So You Think You're Being Persecuted?

I keep hearing a lot of talk these days about religious freedom. Apparently, many American Christians, even though they are in the majority, believe that they're being persecuted. I can't remember a time when atheists made these same claims. Atheists, in America at least, depend upon the separation of church and state to offer them protection. Yet, living as a minority in the Bible belt, I often feel that I'm expected to conform or shut up. And, while I wouldn't go so far as to say that I'm being persecuted, I think that if most Christians were in my shoes, they'd feel deeply offended. 

I'm positive that I have a number of friends of faith. As long as they don't talk to me about it, we're fine. That means, they mustn't ask me to pray with them nor make references about a god as though I'm expected to concur.  Neither should they ever try to convince  me about their particular version of god. Follow these three simple rules and we're gonna get along just fine.

However, for most believers, it's ALMOST impossible for them to follow those three little rules. 

They just can't seem to help themselves, especially if they find out that I'm an atheist. I use to endure their tactless religious freedom, but about a year ago, I gave that up. Now, I make sure they know that although I think their version of god is stupid, I think all versions of god are equally stupid. Then I tell them this, "Look, you and I aren't really that different. I just believe in one less god than you. That's all. You're closer than you think to being an atheist. I'm sure you don't lose any sleep over the thousands of other religions that you don't practice. Why? Because you don't think they're right. Otherwise, you'd probably pray for god to forgive you for turning your back on the truth and join a different church." 

Uh, um, uh yeah, they smile or maybe it's a grimace, but I've noticed two things since I've started setting my bullshit boundaries. 

Most people would rather I believed in any religion that none at all. The fact that I don't, makes them squirm. They may not even realize how revealing that little fact can be, but it tells me all I need to know about how deeply entrenched people are in the norms of their own cultures.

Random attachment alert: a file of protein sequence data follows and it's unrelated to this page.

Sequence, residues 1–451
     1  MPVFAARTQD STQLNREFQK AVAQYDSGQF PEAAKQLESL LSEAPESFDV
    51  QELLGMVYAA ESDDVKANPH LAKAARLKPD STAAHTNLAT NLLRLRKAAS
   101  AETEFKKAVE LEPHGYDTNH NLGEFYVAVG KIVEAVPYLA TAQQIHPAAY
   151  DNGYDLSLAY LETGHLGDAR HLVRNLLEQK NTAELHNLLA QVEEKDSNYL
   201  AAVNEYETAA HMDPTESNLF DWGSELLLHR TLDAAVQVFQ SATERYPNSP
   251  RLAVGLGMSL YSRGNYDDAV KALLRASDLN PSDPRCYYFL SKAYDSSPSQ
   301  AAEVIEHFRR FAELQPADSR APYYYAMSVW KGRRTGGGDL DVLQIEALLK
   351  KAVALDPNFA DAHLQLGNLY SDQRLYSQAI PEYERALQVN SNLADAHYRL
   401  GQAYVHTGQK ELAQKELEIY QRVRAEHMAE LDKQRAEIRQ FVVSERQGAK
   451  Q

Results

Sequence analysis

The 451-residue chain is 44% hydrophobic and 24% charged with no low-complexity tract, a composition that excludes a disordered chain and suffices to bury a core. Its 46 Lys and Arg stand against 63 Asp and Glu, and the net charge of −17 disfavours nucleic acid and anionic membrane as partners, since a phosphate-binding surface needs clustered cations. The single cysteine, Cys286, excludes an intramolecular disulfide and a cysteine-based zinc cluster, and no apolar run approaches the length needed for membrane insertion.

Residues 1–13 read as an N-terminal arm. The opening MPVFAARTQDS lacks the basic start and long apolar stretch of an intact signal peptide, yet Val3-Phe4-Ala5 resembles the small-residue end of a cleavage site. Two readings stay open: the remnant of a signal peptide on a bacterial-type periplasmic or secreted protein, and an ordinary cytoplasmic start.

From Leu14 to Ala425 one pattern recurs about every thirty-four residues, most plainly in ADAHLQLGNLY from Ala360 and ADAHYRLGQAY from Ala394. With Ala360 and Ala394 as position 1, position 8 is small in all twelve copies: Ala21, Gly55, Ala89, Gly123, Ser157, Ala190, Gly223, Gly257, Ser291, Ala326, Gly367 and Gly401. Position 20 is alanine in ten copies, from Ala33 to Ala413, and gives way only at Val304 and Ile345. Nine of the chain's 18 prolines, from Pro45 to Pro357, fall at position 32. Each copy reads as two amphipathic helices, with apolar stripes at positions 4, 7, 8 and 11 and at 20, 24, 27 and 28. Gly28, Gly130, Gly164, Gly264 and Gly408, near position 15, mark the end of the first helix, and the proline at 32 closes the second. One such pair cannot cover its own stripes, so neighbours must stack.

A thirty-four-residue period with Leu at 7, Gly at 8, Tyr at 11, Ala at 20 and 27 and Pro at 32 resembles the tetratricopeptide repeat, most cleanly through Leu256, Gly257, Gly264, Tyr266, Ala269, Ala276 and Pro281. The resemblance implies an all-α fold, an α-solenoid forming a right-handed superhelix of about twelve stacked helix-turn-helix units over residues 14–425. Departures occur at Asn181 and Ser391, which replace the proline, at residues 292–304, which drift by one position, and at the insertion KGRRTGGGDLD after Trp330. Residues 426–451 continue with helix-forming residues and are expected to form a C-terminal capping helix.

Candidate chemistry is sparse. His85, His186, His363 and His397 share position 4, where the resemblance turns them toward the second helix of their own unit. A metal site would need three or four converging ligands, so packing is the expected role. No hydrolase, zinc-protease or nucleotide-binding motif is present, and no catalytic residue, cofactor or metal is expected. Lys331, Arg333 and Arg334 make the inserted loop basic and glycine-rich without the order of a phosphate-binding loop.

Cultural expectations are far better at controlling human behaviors than laws will ever be.   

You can have five friends of different religious faiths in the room, all dead sure that they're practicing the truth, but let one atheist step foot amongst them and suddenly they form a united front. It's a cultural barrier that says, "Look if you want to be part of the tribe, you best change your story." That can be powerful. Most people want to belong at almost any cost. After all, who will they date, marry, work for and spend free time with if they aren't a card carrying member of a club. 

Most atheists walk among believers knowing that if we spoke up we'd be outnumbered in a crowd. 

Often, even if there's another atheist or agnostic in the group, they might not have your back either. You see, in any culture, those who defy an established norm are deemed odd, strange and troublemakers. I have many acquaintances who have never come out to their parents or relatives about being an atheist. They tread lightly around anyone that they know is religious. I contend that this unwillingness to speak helps keep the myths alive. With the god myth in particular, the emperor is stark naked, but the majority insist that they can see his celestial robes. And, those of us who call their bullshit aren't thought of as bearers of a strong dose of much needed reality but as heretics. 

That's where boundary setting is crucial.

If I insist upon setting my boundaries, that is, speak up every time they break one of my little rules above, then most will stop imposing their enormous religious freedom on me. Things tend to improve. The dynamics with most interpersonal relationships become better balanced by setting boundaries if you want mutual respect. Suddenly, they get the picture. I'm a person, too. A novel thought. An atheist is a person, too. Most importantly, however, my silence has not fed into a harmful myth that is perpetuated by cultural conditioning.  

I don't know if my readers can remember when they finally came out to the world as an atheist. 

The stories are probably as varied as the people telling them. I'll freely admit this, however. Even though I no longer walk on eggshells around believers, I'm always thrilled when someone, anyone stands with me. It's still a relatively rare occurrence, too. Most of my life, it's been me with my back against the wall while Christians exert their religious freedom all over my personal space. Fortunately, I don't seem to be as sensitive as many Christians. I haven't started hysterically screaming about persecution, but then so far, there's still a separation of church and state in America. 

So far ...